IPublished May 23, 2007 11:56 PM

Berkeley commencement supports Mumia

By Brenda Ryan

Leslie Feinberg, who has spent her life fighting for justice for workers and oppressed people and helping to create a modern transgender movement, received an honorary doctorate from the Starr King School for the Ministry.

The school, part of the Graduate Theological Union in Berkeley, awarded Feinberg with a letter of humanities doctorate at its commencement ceremonies on May 17. The doctoral diploma recognizes Feinberg as “a champion of justice for all people, organizer, activist, author and historian, who works tirelessly on behalf of workers, the poor, those imprisoned for their beliefs and the transgender community.”

“Merging theory with practice, hir work is an example of solidarity across differences and in the intersections of oppressions,” the diploma states, using gender-neutral pronouns. “Despite risks to hir personal safety and reputation, ze continues to write, speak and demonstrate hir commitment to countering oppressions and building organizations that insist that in our nation and communities, liberty and justice must truly be for all.

“By speaking when others were silent, honoring the stories of people who struggle to survive and working to bring them together, ze provides an example of life lived in service to the common good.”

Feinberg is renowned for helping to establish language to help understand and fight oppression based on gender and sex and for her books documenting the roots of that oppression. She is a long-time member of Workers World Party and a managing editor of Workers World newspaper.

Feinberg spoke openly as a communist at Star King’s commencement dinner on May 16. She said, “I think what brought us together here tonight is that we each sincerely want to change the world for the better. We may or may not agree on how. But we can meet by bridging conscience and consciousness.”

Feinberg told those gathered that Marx’s phrase that religion is the “opium of the people” is usually quoted out of context. “Marx was actually writing with great compassion for the suffering of the class that was, and still is, exploited, downtrodden and disenfranchised. Marx wrote, ‘Religious suffering is, at one and the same time, the expression of real suffering and a protest against real suffering.’ Religion, he explained, ‘is the sigh of the oppressed,’ it is, ‘the heart of a heartless world, and the soul of soulless conditions.’ It was in that context that Marx said religion is an opiate for pain and suffering.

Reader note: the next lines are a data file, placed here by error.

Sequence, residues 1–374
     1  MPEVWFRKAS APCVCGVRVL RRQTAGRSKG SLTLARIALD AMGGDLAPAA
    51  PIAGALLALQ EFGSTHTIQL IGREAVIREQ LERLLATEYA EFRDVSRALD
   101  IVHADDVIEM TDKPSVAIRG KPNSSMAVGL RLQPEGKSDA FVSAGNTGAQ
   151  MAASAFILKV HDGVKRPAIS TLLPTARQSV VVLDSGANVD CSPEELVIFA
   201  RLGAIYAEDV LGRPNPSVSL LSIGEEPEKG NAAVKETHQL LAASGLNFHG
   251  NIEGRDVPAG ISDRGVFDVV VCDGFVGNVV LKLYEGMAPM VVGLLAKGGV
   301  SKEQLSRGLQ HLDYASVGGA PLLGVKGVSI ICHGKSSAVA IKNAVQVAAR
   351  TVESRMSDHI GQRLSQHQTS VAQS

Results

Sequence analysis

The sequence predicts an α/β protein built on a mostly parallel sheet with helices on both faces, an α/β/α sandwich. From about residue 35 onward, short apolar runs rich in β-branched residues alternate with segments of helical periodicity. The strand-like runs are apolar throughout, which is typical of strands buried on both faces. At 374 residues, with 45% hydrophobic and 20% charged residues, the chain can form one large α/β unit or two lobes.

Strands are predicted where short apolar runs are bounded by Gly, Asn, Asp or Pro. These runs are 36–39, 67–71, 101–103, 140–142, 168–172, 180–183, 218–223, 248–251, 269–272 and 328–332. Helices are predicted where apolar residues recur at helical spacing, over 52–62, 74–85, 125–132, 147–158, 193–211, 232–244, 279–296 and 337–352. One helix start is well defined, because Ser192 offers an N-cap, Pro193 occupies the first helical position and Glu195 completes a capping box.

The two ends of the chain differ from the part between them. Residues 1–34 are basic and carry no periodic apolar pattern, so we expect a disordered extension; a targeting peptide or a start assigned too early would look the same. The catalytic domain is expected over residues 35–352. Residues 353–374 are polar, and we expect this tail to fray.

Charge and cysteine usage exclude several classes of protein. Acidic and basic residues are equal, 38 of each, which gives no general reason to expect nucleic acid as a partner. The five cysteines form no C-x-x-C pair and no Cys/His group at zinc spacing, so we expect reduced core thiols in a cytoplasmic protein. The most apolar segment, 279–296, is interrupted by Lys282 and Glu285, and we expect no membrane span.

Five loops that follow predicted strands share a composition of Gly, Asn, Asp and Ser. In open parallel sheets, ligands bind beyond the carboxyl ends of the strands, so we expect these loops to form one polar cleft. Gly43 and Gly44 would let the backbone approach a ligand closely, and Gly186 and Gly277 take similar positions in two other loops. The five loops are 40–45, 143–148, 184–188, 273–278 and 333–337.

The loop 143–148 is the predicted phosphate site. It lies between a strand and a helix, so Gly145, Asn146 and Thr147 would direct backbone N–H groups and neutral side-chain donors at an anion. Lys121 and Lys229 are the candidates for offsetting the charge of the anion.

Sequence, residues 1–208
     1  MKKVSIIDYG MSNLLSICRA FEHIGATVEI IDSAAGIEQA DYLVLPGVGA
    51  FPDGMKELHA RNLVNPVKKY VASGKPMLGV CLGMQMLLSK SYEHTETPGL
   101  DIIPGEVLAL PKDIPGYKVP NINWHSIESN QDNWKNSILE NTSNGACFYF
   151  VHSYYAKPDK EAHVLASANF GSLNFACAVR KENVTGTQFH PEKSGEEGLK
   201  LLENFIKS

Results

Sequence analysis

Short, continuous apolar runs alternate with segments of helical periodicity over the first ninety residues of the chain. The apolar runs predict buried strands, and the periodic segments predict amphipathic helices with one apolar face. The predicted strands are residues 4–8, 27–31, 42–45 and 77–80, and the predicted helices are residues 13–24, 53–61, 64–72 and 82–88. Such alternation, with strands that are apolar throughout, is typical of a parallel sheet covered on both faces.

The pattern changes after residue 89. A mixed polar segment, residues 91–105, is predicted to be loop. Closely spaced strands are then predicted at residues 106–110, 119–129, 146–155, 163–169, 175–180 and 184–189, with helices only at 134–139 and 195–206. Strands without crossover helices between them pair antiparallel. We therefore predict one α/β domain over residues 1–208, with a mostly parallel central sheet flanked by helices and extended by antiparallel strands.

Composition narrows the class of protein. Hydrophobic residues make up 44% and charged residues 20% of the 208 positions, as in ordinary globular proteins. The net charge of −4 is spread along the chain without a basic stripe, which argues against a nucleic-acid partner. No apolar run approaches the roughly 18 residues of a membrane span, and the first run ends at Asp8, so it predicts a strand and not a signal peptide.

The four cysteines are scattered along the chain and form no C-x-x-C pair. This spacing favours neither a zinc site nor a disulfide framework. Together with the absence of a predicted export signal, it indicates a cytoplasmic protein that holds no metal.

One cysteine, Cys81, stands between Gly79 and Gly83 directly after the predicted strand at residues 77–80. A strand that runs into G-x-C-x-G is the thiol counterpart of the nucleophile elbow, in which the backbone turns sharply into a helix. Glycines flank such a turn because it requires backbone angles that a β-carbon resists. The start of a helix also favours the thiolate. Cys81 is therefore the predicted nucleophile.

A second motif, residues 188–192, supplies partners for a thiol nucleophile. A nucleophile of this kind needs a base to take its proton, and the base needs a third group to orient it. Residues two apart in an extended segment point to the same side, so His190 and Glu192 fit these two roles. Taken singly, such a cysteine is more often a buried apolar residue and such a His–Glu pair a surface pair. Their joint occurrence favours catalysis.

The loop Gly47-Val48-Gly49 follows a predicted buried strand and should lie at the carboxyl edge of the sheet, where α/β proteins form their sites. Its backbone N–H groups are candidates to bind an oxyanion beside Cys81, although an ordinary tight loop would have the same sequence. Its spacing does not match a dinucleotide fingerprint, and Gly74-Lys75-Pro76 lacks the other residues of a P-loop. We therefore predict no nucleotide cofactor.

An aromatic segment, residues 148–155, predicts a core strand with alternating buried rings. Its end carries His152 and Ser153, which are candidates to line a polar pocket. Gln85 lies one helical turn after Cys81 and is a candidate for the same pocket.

“Many of us in this room share this in common—we feel that suffering, hear the sighs and moans around us, struggle to change the soulless conditions. How can we unite to change those conditions?”

Feinberg noted that the following day people around the world would be in Philadelphia to support political prisoner Mumia Abu-Jamal at a court hearing to consider his petition for a new trial. Feinberg, who was wearing a sticker reading “New trial now! Free Mumia!” encouraged people to take these stickers and wear them in solidarity at the commencement ceremony the next day.

“The struggle to free Mumia is a defining case of our era, like the struggle to free the Scottsboro Brothers and the Rosenbergs,” Feinberg said. “It is part and parcel of the fight against racism and national oppression, against the prison industrial complex and the death penalty, used as a weapon by today’s rulers just as the emperors lined the road to Rome with crucified slaves to warn others against trying to rise up to break their shackles.

“We are modern-day abolitionists, who are organizing to end this system of capitalist economic enslavement and build a society in which each individual can contribute what they can and in return, receive all that they need and desire,” Feinberg concluded. “So I leave you with this question: Which side are you on?”

The audience responded by giving Feinberg an enthusiastic standing ovation.

At commencement the following day virtually every graduating student was wearing the Mumia sticker, as well as the president of the seminary, kitchen staff and ushers, who also handed out the stickers.

Mumia was the theme of Feinberg’s commencement address. “I raise my voice here for all those the government is trying to silence,” she declared. “I raise my voice to demand ‘Free Mumia Abu-Jamal’ so loudly that I hope this Black revolutionary journalist can hear me from his death-row cell in Pennsylvania.”

Feinberg also spoke out for American Indian Movement warrior Leonard Peltier and the Cuban 5, the peoples of the Middle East and Central Asia, Africa and Latin America, who are fighting for their right to self-determination and sovereignty, for undocumented immigrants, for Muslim, Arab and South Asian immigrants, and for those in the Black movement demanding reparations from slavery and the right of Katrina survivors to return to their homes.

The crowd again gave Feinberg a standing ovation. And after the reception that followed, a group of about 45 of the students, faculty, staff, alumni and trustees, including the president of the seminary, who had worn “Free Mumia” stickers on their gowns, gathered for a photograph to send to Mumia to show their support.

Mumia has been at the center of a commencement address before. In 2000, the Antioch College graduating class voted Mumia and Feinberg as their joint commencement speakers. The Fraternal Order of Police and the Klan fought the decision but the students prevailed.

The reception by the Star King School was another victory, Feinberg noted. “It’s a sign of the deepening and widening understanding of how critical the need for solidarity is to build a powerful movement to transform economic and social life.”

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Some of those who wore Mumia stickers<br>at commencement.

Photo: Steve Fisch

Some of those who wore Mumia stickers
at commencement.